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Workers are recovering asphalt material this week in a follow-up to a train derailment in south central Montana

Black oil-based asphalt material covers a stick on a Yellowstone River beach covered in rocks
Kayla Desroches
Yellowstone Public Radio
A splotch of asphalt material from a Montana Rail Link train that derailed in June this summer. Photo taken on the Yellowstone River on July 20.

Workers starting Wednesday, October 11 are on private land along the Yellowstone River picking up oil-based asphalt material washed ashore from a June train derailment in south central Montana.

Unified Command, which consists of Montana Department of Environmental Quality, Montana Rail Link, Stillwater County Disaster & Emergency Services and the U.S. Environmental Protection Agency, says workers are targeting river miles 21 to 35 located in Stillwater County roughly between Columbus and Park City.

Coordinator Joni Sandoval with the U.S. Environmental Protection Agency says water levels are too low to navigate boats safely, so a crew of around 15 people are walking through private land and cleaning up by foot.

“We also have a side by side and ATV that we’re loading anything that we pick up and we put in a trash bag, and we’re putting it in on the ATV and then sort of hauling that back to some of the trucks that we’ve mobilized to the site,” said Sandoval.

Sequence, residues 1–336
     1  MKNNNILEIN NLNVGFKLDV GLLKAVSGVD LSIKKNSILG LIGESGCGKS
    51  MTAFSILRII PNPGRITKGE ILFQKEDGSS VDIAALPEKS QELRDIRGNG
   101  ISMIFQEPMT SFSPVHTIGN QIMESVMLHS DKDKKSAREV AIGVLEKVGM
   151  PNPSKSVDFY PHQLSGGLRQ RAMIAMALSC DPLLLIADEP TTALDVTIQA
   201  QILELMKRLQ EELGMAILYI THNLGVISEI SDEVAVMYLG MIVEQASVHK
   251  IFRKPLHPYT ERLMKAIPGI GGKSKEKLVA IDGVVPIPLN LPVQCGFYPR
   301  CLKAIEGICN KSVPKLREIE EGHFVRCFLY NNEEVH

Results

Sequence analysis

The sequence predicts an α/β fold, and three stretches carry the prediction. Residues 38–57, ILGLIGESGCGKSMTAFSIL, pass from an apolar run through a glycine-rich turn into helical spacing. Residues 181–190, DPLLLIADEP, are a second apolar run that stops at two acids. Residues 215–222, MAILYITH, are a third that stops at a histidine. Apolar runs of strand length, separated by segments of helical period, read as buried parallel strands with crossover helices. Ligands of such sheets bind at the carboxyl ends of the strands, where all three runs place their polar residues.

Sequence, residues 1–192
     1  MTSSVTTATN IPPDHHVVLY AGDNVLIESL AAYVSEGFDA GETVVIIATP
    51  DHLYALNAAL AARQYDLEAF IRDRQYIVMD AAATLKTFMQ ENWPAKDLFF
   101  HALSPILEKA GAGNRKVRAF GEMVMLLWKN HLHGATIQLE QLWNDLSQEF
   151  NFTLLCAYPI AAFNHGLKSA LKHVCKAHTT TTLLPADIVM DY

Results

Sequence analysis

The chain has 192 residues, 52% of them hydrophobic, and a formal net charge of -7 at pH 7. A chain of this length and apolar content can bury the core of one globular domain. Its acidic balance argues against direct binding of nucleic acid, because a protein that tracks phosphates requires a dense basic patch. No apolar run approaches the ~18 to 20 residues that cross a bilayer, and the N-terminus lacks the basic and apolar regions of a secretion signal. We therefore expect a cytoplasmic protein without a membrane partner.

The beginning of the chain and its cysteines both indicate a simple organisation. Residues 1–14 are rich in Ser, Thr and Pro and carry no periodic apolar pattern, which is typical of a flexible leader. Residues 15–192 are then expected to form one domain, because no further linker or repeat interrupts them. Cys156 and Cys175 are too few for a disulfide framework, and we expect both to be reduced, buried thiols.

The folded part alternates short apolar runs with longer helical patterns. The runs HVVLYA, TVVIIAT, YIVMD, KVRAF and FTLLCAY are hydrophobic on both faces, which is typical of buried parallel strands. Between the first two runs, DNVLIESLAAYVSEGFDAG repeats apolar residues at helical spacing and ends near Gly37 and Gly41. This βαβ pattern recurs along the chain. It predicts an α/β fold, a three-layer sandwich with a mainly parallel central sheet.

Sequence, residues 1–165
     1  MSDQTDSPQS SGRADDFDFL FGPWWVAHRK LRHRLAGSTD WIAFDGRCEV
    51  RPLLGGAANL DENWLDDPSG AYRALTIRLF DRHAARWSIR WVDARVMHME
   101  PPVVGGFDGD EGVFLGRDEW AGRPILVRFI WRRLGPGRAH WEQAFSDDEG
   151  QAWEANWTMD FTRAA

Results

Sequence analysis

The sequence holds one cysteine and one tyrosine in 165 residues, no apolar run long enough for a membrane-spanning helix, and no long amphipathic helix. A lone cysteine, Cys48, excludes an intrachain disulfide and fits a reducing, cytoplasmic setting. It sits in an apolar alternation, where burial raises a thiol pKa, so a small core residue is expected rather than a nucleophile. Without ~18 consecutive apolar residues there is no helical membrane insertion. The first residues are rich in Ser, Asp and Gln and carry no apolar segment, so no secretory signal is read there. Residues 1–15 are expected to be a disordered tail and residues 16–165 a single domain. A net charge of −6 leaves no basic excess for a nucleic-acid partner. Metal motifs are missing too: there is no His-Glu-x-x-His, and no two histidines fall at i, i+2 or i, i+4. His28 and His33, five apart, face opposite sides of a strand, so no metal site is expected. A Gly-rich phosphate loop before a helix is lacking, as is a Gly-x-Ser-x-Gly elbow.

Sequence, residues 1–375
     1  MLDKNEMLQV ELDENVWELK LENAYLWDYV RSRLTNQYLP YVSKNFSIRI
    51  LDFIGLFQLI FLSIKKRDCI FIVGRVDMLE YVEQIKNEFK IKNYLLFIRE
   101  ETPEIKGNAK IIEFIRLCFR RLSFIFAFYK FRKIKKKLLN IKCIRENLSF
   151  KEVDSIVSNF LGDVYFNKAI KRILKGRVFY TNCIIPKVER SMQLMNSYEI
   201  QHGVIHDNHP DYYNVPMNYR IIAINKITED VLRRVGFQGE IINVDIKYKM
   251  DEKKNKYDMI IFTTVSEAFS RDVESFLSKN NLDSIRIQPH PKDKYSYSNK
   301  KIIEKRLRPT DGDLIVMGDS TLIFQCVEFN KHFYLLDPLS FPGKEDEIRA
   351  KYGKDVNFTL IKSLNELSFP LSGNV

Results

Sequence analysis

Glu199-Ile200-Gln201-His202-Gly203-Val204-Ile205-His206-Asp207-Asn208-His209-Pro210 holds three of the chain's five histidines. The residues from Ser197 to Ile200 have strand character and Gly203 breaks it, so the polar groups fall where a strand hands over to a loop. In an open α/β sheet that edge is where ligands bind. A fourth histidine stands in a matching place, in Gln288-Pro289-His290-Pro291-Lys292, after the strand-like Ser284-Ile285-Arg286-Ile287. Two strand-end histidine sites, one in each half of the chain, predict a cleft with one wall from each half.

She said a private landowner and responders with the Montana Natural Resource Damage Program in recent weeks identified several locations in need of possible cleanup, which led to the recovery of an added 3,600 pounds of asphalt material.

“So, Unified Command saw that as a success and attributes some of that to A) access to private land that we didn’t have before, as well as B) the river levels dropping even farther, a couple of more feet, since the last time we were out here,” said Sandoval. “And so, we just felt like that warranted having a larger team come out and scout while the weather was holding.”

Sandoval said continued cleanup efforts to complement maintenance recovery will depend on weather conditions, how much waste workers collect and landowner permission for access.

In a news release, a spokesperson says Unified Command will perform additional shoreline assessment and cleanup this fall, with more planned in the spring. Workers to date have recovered roughly 56 percent of more-than 419,000 pounds of asphalt estimated to have spilled into the river.

Unified Command asks members of the public to report asphalt material to

Kayla writes about energy policy, the oil and gas industry and new electricity developments.